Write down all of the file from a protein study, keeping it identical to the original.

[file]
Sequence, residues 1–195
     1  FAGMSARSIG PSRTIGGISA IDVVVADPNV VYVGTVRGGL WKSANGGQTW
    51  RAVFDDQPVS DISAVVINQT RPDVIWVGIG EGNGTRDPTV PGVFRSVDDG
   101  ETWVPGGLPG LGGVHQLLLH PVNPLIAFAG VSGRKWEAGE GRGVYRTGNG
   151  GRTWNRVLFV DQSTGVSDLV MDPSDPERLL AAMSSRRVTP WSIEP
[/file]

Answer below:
Sequence, residues 1–195
     1  FAGMSARSIG PSRTIGGISA IDVVVADPNV VYVGTVRGGL WKSANGGQTW
    51  RAVFDDQPVS DISAVVINQT RPDVIWVGIG EGNGTRDPTV PGVFRSVDDG
   101  ETWVPGGLPG LGGVHQLLLH PVNPLIAFAG VSGRKWEAGE GRGVYRTGNG
   151  GRTWNRVLFV DQSTGVSDLV MDPSDPERLL AAMSSRRVTP WSIEP